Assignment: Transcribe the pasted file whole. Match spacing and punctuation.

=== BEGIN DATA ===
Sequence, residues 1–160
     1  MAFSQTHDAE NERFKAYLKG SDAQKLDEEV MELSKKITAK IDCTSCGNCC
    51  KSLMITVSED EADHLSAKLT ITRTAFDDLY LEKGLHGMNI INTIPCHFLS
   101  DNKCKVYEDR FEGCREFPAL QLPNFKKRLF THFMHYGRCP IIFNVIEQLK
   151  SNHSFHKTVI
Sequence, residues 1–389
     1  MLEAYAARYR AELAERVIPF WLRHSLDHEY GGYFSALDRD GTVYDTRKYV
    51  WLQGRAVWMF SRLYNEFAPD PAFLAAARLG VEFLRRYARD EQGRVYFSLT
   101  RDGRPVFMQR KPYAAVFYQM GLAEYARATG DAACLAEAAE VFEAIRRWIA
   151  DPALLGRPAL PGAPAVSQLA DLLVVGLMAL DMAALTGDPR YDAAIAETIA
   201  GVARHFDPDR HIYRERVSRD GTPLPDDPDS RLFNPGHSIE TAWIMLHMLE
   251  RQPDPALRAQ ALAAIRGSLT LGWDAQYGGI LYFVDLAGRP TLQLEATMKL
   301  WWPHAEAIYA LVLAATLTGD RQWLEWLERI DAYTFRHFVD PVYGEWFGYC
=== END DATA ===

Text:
Sequence, residues 1–160
     1  MAFSQTHDAE NERFKAYLKG SDAQKLDEEV MELSKKITAK IDCTSCGNCC
    51  KSLMITVSED EADHLSAKLT ITRTAFDDLY LEKGLHGMNI INTIPCHFLS
   101  DNKCKVYEDR FEGCREFPAL QLPNFKKRLF THFMHYGRCP IIFNVIEQLK
   151  SNHSFHKTVI
Sequence, residues 1–389
     1  MLEAYAARYR AELAERVIPF WLRHSLDHEY GGYFSALDRD GTVYDTRKYV
    51  WLQGRAVWMF SRLYNEFAPD PAFLAAARLG VEFLRRYARD EQGRVYFSLT
   101  RDGRPVFMQR KPYAAVFYQM GLAEYARATG DAACLAEAAE VFEAIRRWIA
   151  DPALLGRPAL PGAPAVSQLA DLLVVGLMAL DMAALTGDPR YDAAIAETIA
   201  GVARHFDPDR HIYRERVSRD GTPLPDDPDS RLFNPGHSIE TAWIMLHMLE
   251  RQPDPALRAQ ALAAIRGSLT LGWDAQYGGI LYFVDLAGRP TLQLEATMKL
   301  WWPHAEAIYA LVLAATLTGD RQWLEWLERI DAYTFRHFVD PVYGEWFGYC